Peaceful Havens for the City Gardener
by Stephen Anderton
144 pp, 148 color photos, 4 color plans, 4 b/w plans, 8 1/2 x 11", hardcover.
How often have you heard a gardener say, "Hi. My name is Stephen. I am a zone 9. I am a plantaholic. I crave new plants. My idea of heaven is just being among plants, working with them, getting to know them and handling them. I have to have new plants."?
It's the subjective approach to gardening, as when a poet stacks up beautiful words instead of structuring his poetry, and it is a perfectly valid way of gardening. Up to a point it provides the gardener with the antidote to urban life which he or she is seeking in a sanctuary garden. But to have the best of both worlds, to be a serene space as well as one bursting with different plants, a garden has to be carefully planned and designed.
Asylum or sanctuary, that's the question. A garden which is forever having new plants added to it is a bit like New York in the early twentieth century - full of new people from all over the world, busy, exhilirating, and after a while, totally exhausting, so that you have to cry, "Whoa! Give me some peace!"
Now, every gardener adds new plants to his garden. That's part of the fun of having a garden. But additions mustn't be indiscriminate. You have to lose something to make space for the new. You have to have an immigration policy. But some gardeners, the plantaholics, welcome everything. They want to try everything. And to make, on that basis, a garden or a civilization which is also peaceful is hard. Especially in a small space.
Other gardeners have a more selective immigration policy. They welcome plants from only certain genera, which they then collect avidly. Or they may concentrate on plants from new Zealand only, or the Mediterranean. Or they may have developed their own eclectic style of planting, collecting varieties from all over the world which marry well with their favoured planting style. They may be gardeners who indulge in none of this serious collecting. They may simply be people who love working with plants - pruning and dividing, and tying up - until they find themselves unable to move in the garden for divisions of the same vigorous plants.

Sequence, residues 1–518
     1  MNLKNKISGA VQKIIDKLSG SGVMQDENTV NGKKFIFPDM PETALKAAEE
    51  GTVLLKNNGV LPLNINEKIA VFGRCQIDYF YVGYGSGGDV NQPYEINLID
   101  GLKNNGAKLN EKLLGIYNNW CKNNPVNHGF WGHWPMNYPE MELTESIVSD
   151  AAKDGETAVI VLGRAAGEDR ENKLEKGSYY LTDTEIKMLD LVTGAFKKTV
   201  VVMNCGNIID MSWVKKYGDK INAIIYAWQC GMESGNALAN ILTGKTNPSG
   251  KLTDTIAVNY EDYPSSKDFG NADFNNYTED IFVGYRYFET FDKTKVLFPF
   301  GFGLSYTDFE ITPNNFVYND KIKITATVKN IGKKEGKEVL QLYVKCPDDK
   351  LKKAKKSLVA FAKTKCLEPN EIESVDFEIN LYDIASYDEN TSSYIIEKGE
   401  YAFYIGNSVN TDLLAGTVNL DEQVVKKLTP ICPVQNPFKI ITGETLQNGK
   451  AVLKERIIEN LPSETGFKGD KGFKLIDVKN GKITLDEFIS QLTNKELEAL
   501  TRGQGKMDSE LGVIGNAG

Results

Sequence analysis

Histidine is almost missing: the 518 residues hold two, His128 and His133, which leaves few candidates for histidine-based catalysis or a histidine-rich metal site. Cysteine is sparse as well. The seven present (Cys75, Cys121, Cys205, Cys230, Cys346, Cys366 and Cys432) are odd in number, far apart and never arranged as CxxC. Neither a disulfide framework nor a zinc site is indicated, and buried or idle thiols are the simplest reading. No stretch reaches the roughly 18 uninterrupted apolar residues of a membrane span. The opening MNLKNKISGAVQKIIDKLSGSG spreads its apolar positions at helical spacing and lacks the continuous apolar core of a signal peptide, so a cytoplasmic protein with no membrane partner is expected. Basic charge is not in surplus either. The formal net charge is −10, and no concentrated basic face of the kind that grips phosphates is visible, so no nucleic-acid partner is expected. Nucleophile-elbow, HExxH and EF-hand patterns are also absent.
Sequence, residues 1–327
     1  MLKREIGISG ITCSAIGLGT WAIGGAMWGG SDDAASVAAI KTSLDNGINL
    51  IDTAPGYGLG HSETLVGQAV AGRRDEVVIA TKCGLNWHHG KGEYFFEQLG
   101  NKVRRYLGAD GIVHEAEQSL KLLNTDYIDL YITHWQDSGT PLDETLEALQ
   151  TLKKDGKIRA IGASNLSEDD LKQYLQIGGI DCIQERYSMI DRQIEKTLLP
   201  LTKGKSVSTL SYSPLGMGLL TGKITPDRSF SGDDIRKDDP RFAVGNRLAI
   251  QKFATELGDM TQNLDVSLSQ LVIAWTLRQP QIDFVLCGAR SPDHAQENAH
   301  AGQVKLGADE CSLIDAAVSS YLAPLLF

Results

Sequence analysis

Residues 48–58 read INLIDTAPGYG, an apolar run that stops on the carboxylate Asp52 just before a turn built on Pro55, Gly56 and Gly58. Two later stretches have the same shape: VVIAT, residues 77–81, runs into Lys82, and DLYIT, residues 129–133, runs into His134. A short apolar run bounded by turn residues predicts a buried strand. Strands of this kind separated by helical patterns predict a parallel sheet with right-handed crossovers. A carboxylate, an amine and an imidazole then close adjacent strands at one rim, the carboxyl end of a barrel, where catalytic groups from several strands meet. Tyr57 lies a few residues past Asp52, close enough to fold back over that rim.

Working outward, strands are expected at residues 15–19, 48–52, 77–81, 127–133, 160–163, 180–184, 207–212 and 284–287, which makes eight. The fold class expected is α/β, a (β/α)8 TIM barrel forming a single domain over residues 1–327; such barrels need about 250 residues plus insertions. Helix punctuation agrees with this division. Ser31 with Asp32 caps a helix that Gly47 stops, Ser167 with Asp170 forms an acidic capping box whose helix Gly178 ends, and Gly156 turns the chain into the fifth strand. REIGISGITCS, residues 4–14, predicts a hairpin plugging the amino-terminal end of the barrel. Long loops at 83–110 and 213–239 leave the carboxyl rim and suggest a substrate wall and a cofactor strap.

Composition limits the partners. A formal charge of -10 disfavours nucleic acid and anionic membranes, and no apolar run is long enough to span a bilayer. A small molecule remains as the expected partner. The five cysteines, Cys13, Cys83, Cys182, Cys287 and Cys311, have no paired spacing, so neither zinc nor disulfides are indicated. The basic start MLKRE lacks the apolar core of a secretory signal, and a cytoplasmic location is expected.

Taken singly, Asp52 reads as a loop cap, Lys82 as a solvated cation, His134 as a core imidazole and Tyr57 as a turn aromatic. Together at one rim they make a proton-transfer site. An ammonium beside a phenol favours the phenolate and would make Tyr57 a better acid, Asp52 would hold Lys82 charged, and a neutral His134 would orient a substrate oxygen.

Breaking up may be hard to do, but getting rid of the divisions is even more heartbreaking for some. There is nothing wrong with any of these ways of gardening. They offer fascination and relaxation to their practitioners. But they are not necessarily enough to make a peaceful garden, something which these kinds of gardeners may also value, and which they can find through some design discipline. And once you have made a suitable layout, you can indulge yourself growing plants within it for ever more.
Photo above: This roof garden plays safe by dividing itself into an all-weather conservatory and a simple outdoor seating area with plants in pots only.
- Japanese Zen Gardens for Kids
- Plant Garden Mums in Containers
- Teach Children About Lent
- The Effects of Rain Water on Plants
- Tips for Plant Transplanting
- Zen Gardening Tools
- How Much Room Do You Need Around a Swimming Pool?
- Winter Care for Wax Begonias
- Rose Garden Structure
- Plants for all Seasons - Planning the Front Yard Garden (page 2)
- Annual Vs. Perennial Plants
- Importance of Japanese Zen Gardens